24 February 2014, 12:13 a.m. – THE FACULTY union on Saturday hit the University administration for seeking to diminish benefits for teachers, revealing that management even went as far asking union negotiators to agree to give up the right to strike.

Airing its side on collective bargaining negotiations that had ended in deadlock on Valentine’s Day, the UST Faculty Union (USTFU) also criticized the administration for delayed and incomplete financial statements, which, it said, left the union panel “helpless and clueless” and unable to verify the the amounts collected from yearly tuition hikes, 70 percent of which, by law, must go to faculty salaries.

“We believe that after this stand-off, our Union will emerge stronger and more united in the promotion and protection of our moral, social, and economic well-being; though ‘endless’ our wants may be, boundless is our Lord’s unending grace,” USTFU President George Lim said in a six-page letter titled “Our Teachers Deserve Better,” addressed to all faculty members.

The letter, dated Feb. 22, came five days after the head of the management panel, Vice Rector for Academic Affairs Clarita Carillo, wrote University officials to explain why negotiations for a new five-year collective bargaining agreement, providing for salary increases and other terms of employment, fell through.

Lim defended USTFU’s proposal for two successive three-unit reductions in teaching loads without pay cuts that Carillo had claimed would jack up tuition. He said this was a “win-win” solution ahead of the expected reduction in teaching loads due to the K to 12 scheme, aside from encouraging teachers to do research.

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UST admin bares causes of deadlock with faculty union

“Management’s contention that the cost of this reduction would lead to an unconscionable increase in tuition fee (sic) is likewise untenable. We believe that there are other larger sources of funding for this, without having to burden our students,” he said, citing that the University had earned a net income after tax of P772 million in 2010-2011, P1 billion in 2011-2012, and P987 million in 2012-2013.

In his letter, Lim also bared USTFU’s final proposals to the University panel last Feb. 6, which he said was the “last-ditch effort” of the union to resolve disagreements. Lim said the union had expected a substantial offer from the administration given a number of changes the latter wanted. He pointed out that management proposals, such as removing the conversion of sick leaves into cash for terminated employees and limiting the 15-minute grace period to 7 a.m. and 8 a.m. classes, were tantamount to dimimution of benefits, which is prohibited by labor law.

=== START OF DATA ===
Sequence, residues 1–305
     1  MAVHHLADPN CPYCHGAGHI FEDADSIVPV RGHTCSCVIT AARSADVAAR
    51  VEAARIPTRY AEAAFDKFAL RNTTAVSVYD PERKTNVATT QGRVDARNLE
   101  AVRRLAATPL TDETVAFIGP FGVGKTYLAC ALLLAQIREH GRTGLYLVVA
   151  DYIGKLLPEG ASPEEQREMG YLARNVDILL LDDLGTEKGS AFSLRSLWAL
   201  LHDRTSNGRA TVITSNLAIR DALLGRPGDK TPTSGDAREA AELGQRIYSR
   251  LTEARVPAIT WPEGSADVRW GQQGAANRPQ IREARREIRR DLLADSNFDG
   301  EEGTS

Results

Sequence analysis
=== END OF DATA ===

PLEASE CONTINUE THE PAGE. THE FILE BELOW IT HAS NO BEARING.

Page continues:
USTFU, Lim said, sought the full implementation of one year of service per one year of paid leave, as per the 2006-2011 CBA, which, he said, the administration was already circumventing by asking faculty members to render four years of return service.

Moreover, the union demanded 120-percent pay for retiring faculty members or one rank higher upon retirement; immediate credential review for faculty members who had obtained doctorate degrees and were able to publish in local or international journals without waiting for the next promotion year; retention of the 12.5-percent weight for research and creative works; and full credit for authors of research publications regardless of number of authors; among others. USTFU also wanted to maintain pay rates for faculty members who will be assigned to teach Grades 11 and 12 as a result of the K to 12 scheme.

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Faculty union files strike notice

Instead, management offered to grant a sending-off gift on top of the retirement pay for retirees, include the incentive pay in the retirement pay, and study the proposal for a three-unit reduction in teaching load.

“Unfortunately, your panel found the additional offer wanting and called for a deadlock. The rest is history,” Lim’s letter read.

Lim’s letter also bared that the management had proposed to include a “no strike-no lockout” provision, which the union panel found “unacceptable.”

“The right to strike is enshrined in the Constitution and the social teachings of the Church. Your Union would never give this up,” he said.

Under the Labor Code, a collective bargaining deadlock is a ground for a labor union to exercise the right to strike, and for management to declare a lockout. Both parties can still go through conciliation and mediation after the filing of a notice of strike by the union with the National Conciliation and Mediation Board or a notice of lockout by management with the Department of Labor and Employment.

The union can go on strike if the deadlock remains unresolved after a 30-day cooling off period. A seven-day strike ban must be observed after a mandatory strike vote in which majority of union members must approve. Gena Myrtle P. Terre

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